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Roseburg Public Schools hopes to address equity issues through strategic plan

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A few days ago, Roseburg Public Schools Superintendent Jared Cordon received a call from a community member asking to reconsider the name of Joseph Lane Middle School, a sign that discussions on racism, systemic racism and social injustice are being discussed not just in urban areas but also in Douglas County.

One of two middle schools in Roseburg, Joseph Lane Middle School is named for the first governor of Oregon Territory, who was a defender of slavery and won support from his constituents thanks to his “blunt dealings with Native Americans,” according to The Oregon Encyclopedia. The other middle school, John C. Fremont Middle School, is named after the military leader and firm opponent of slavery.

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Joseph Lane Middle School is named for a pro-slavery politician who was the first governor of Oregon Territory.

The call came as a response to a renewed public outcry, led by the Black Lives Matter movement, citing systemic racism and social injustice as the reasons black people, and other people of color, aren’t treated equitably in America.

Cordon, who is white, said he’s open and welcomes questions from the community.

Near the conclusion of the June 10 board meeting, Cordon read a statement on behalf of himself and the school board:

“We are saddened and deeply disturbed by the recent events that have thrown a spotlight on our country’s ongoing battle with systemic racism.

“We want to assure our community and our students of color, that Roseburg Public Schools values equity and inclusiveness. Our district’s Strategic Plan, which is rooted in equity, helps guide our decisions and our work to support students of color and other marginalized groups.

“Our Strategic Plan affirms that Roseburg Public Schools is dedicated to the academic and personal success for every student. Our plan emphasizes our commitment in providing safe and inclusive environments, in which every child and every adult feels safe, is seen, is heard and is respected. The decisions we make for our students are viewed through this lens in an effort to grow and improve.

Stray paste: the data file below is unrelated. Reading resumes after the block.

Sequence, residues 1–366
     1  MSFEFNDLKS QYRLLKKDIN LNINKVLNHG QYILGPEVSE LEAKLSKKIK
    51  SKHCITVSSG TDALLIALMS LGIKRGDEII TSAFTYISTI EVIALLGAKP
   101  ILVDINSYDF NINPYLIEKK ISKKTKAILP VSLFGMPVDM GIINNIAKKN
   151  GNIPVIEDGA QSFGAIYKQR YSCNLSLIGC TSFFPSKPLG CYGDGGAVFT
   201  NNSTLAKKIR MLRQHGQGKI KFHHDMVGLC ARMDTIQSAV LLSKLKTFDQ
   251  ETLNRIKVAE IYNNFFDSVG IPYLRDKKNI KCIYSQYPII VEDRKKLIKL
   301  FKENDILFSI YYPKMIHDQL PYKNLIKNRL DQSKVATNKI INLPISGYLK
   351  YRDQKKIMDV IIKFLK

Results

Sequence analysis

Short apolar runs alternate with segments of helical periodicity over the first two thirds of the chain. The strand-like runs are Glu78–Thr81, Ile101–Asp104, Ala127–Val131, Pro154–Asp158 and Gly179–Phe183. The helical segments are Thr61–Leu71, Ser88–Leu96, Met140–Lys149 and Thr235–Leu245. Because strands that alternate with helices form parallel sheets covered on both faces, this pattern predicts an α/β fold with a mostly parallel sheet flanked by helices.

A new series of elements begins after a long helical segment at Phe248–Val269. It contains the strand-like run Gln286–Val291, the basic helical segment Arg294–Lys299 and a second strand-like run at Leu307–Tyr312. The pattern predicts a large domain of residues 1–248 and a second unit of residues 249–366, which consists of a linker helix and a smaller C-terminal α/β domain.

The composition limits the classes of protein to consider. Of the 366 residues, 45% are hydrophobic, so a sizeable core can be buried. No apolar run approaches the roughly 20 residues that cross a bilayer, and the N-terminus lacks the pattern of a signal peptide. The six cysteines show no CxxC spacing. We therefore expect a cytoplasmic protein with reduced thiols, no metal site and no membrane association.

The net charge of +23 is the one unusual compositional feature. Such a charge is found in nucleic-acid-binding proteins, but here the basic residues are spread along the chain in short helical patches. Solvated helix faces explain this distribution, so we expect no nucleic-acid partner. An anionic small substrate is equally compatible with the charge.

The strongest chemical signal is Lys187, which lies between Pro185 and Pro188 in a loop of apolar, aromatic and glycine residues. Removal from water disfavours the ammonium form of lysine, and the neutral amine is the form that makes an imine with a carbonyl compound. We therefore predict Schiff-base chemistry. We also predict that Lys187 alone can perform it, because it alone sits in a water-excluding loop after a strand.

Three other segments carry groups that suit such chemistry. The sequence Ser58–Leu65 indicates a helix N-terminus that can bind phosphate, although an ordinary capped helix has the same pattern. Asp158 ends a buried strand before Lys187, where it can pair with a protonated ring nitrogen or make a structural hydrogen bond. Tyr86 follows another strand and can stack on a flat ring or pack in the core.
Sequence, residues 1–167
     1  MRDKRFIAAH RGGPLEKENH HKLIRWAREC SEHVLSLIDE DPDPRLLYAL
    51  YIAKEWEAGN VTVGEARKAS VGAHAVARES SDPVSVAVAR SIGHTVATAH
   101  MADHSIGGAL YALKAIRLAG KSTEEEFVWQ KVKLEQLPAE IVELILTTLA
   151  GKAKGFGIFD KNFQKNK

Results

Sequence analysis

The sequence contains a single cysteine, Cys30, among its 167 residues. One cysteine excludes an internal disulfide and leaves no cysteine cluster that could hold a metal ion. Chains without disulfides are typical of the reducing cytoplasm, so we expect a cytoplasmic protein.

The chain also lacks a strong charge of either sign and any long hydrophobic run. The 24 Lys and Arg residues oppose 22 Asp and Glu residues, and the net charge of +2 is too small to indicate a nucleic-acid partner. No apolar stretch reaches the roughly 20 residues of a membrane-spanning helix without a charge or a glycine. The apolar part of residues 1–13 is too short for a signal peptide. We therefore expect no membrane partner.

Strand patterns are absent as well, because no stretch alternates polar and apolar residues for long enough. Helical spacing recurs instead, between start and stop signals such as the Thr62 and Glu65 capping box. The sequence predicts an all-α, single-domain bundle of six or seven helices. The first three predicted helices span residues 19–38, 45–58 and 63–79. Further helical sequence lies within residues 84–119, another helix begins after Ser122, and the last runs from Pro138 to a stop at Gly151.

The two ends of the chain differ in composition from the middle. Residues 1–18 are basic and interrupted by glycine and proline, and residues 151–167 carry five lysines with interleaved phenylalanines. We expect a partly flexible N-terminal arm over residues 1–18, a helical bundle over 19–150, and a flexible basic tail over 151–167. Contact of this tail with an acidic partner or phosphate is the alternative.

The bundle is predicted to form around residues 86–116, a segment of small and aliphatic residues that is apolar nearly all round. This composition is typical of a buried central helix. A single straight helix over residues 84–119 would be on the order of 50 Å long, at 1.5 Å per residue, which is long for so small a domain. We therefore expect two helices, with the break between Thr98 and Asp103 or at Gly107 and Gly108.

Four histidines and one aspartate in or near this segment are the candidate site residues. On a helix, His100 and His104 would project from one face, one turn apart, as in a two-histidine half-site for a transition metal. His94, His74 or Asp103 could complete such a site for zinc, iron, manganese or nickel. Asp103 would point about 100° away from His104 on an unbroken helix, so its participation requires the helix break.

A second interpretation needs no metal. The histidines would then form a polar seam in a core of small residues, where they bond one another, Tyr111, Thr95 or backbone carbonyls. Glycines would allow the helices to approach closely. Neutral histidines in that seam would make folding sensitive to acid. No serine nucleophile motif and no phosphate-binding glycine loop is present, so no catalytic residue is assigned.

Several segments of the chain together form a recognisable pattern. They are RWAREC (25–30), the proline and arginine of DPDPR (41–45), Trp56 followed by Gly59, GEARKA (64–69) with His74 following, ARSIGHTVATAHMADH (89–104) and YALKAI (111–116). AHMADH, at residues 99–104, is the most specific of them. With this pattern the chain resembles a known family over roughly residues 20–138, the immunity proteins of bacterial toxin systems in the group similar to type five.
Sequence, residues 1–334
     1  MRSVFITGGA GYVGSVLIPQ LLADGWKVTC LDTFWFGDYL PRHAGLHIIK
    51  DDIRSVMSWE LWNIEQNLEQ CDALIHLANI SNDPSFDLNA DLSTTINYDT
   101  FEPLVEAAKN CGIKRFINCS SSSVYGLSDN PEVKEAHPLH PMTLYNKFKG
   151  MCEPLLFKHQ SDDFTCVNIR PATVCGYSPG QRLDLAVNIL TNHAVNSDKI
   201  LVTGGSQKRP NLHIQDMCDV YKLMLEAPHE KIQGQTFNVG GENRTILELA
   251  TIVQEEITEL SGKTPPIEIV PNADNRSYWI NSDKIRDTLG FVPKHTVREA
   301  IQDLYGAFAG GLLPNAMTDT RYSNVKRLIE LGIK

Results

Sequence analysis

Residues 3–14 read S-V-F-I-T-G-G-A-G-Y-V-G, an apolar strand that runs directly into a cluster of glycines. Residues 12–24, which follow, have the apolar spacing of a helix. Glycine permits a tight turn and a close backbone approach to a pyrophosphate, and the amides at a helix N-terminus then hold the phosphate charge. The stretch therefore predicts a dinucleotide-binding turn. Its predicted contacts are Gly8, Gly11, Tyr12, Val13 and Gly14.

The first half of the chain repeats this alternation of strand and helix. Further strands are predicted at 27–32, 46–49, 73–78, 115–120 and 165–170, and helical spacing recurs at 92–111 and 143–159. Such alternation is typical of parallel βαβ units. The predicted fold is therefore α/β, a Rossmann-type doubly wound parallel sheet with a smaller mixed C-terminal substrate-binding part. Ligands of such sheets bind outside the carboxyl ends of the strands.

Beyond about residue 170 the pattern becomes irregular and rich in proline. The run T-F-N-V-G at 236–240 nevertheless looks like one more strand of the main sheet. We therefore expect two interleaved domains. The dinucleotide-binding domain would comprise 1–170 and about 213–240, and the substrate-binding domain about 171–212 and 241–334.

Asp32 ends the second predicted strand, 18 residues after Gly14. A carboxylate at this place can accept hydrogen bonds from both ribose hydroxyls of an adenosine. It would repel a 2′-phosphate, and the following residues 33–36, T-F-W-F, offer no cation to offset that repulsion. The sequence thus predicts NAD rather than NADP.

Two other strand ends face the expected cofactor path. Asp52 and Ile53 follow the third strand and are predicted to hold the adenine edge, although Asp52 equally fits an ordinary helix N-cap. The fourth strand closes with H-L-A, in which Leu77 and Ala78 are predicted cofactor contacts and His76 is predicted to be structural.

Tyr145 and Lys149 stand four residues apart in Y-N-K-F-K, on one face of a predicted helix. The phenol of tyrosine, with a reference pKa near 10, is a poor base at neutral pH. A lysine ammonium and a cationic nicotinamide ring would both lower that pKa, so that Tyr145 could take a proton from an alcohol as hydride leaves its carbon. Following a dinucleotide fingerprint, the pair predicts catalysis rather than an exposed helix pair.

“The Roseburg Public Schools pledges to help fight racism and discrimination and invites our community to join in this effort.

“Together, we learn. Together, we are stronger.”

The strategic plan centers around equitable student experiences through five main points: appropriate and timely instruction, safety and inclusivity, effective operations, leadership development, and systems development. The goal is that “our students will master grade-level academic standards, attain the behavioral and social-emotional skills needed to thrive and graduate from high school with a plan to achieve success,” according to the plan.

strategic plan

Roseburg Public Schools’ strategic plan.

School board member Howard Johnson is also expected to lead a school board in a future board work session on racism and its relation to the strategic plan.

“What he’s had to endure is unconscionable,” Cordon said.

Johnson, who is black, didn’t respond to a request for an interview this week, but when he spoke to The News-Review in 2016 he said he received multiple death threats when he first moved to Roseburg in 1989 and continued to receive threats.

“When we draw a line in the sand for how black people look at these problems, and how white people look at it, you’re going to get two polar opposite views which will restrain good conversation when these incidents should be used as a focal point,” he said at the time. “If we get into a room and talk, we could solve a lot of problems.”


Roseburg Public Schools is a predominantly white school district, with 78% of students and 90% of teachers identifying as such, according to 2018-19 data from the Oregon Department of Education. The student body consists of 11% Hispanic/Latinos, 7% multiracial, 1% American Indian/Alaskan Native, 1% Asian and 1% black students and less than 1% of students identified as Native Hawaiian/Pacific Islander.

Cordon said the goal for the district is to “not be predictable.” He said that in education systems worldwide the language you speak at home, the color of your skin and the poverty level are still indicators of how well a student will perform in a classroom.

“I believe strongly that achievement and intelligence are not dependent on circumstances,” Cordon said.

The strategic plan was designed to help all students achieve their goals.